Brief disclaimer: this system description covers neoliberalism policy as it has been practiced in recent history in developing economies. Neoliberalist policy can be effective in developing economies the same way that communism can be effective: not in practice/not as we know it.
Neoliberalism (aliases: Washington Consensus, structural adjustment) is a policy that has dominated the world of development since the 1970s. It started after World War II, with the emergence of 1) the United Nations as a governing body, concerned about the matters of the world over the matters of individual countries, however led specifically by the “winners” of World War II, primarily UK/Europe and United States, and 2) Keynesian economics, which pushed the belief that an open market, above all else, is the key to economic success. These two elements together created a connection to neoliberalist policy in developing (formerly known as Third World) countries, initially with the purpose of increasing economic development in these countries.
However, this policy didn’t create its expected outputs. Instead, the resulting element of neoliberalist policy and fragile markets opened to the global economy was the inability of these markets to compete against foreign goods.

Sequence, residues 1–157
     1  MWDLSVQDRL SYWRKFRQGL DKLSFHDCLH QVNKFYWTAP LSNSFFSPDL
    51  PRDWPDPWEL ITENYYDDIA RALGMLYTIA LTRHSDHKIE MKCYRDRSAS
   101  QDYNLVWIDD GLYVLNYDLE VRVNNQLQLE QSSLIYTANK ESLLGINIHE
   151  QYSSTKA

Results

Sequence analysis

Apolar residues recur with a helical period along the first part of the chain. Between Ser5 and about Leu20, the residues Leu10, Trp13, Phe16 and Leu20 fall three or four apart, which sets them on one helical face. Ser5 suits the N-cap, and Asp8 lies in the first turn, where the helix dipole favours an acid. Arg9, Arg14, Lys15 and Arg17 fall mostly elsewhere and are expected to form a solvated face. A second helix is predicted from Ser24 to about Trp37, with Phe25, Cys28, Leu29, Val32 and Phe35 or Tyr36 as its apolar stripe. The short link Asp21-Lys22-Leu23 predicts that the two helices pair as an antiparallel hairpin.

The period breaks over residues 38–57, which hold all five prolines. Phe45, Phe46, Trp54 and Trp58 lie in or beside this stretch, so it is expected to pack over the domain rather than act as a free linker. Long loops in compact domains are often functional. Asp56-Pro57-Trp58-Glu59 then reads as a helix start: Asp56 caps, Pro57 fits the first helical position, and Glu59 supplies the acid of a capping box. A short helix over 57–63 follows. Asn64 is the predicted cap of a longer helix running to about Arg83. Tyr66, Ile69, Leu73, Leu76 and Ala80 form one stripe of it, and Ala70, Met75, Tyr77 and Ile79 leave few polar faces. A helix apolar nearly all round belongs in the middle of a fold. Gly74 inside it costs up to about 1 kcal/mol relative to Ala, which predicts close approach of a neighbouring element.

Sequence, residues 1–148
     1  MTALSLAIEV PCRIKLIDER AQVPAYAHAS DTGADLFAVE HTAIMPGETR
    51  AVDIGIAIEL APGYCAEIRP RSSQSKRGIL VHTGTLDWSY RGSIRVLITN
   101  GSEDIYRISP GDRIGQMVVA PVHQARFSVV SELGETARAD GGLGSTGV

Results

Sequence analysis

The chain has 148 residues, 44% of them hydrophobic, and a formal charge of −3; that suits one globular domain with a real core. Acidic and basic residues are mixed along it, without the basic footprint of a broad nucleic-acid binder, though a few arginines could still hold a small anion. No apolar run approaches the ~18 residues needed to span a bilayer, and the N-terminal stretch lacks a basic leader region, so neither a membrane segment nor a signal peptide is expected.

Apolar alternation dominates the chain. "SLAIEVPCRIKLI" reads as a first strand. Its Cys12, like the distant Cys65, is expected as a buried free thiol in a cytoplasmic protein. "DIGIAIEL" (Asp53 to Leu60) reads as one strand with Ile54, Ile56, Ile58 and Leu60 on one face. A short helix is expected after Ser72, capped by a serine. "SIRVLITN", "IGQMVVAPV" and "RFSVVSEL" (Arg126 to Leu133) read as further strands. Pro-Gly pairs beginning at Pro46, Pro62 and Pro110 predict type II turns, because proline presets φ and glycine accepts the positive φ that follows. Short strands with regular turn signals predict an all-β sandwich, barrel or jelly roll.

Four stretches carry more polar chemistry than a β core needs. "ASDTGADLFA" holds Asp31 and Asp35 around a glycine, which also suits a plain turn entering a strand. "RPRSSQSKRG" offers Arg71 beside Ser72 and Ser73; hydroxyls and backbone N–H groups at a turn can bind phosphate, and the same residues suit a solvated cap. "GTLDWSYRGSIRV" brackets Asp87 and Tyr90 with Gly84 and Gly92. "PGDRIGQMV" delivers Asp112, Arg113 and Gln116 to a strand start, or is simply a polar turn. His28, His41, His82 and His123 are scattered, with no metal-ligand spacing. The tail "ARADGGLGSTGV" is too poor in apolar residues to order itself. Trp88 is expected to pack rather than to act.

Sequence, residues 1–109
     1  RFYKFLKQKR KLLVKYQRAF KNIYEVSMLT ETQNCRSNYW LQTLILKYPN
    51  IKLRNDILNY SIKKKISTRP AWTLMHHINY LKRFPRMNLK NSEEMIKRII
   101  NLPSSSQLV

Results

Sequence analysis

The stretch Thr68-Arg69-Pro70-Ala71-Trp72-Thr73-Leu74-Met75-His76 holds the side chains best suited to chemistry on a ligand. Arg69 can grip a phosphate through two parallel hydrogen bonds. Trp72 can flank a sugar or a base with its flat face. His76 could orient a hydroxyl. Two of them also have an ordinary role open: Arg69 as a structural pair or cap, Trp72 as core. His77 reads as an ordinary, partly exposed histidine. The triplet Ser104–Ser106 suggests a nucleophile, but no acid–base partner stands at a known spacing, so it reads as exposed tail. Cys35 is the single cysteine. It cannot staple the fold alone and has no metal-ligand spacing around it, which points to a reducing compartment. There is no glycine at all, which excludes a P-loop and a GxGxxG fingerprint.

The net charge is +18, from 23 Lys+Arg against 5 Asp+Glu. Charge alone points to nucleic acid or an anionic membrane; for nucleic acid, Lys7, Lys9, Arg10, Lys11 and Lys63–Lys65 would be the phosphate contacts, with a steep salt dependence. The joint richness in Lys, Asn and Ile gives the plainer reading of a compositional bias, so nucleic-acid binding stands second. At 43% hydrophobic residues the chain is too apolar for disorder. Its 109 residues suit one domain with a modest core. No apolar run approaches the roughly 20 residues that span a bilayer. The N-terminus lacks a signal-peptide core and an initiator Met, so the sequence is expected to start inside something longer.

For the sake of conceptualization: The United States, as a developed country and UN leader, was never forced to remove tariffs/subsidies for the sake of economic development. As a result, the country had (and still has) many agricultural subsidies, causing very low cost of production of corn. In the NAFTA agreement, Mexico was forced to open its markets to the United States and Canada. However, Mexico does not have the strong subsidies as the United States. The United States then dumped all of its extraneous, subsidized corn onto Mexico’s market (as recently as the late-2000s), making it extremely difficult for Mexican corn to compete, despite its cultural importance. As a result of these policies, Mexico’s economy has suffered. Besides the lost direct economic production lost from the corn market, tax revenues dropped, and Mexico continued to be unable to protect its now nearly-nonexistent corn market. Additionally, if the United States had a spike in corn consumption, Mexico would be unable to make up the difference with its own weak market, causing shortages in corn, an important staple to Mexico’s diet.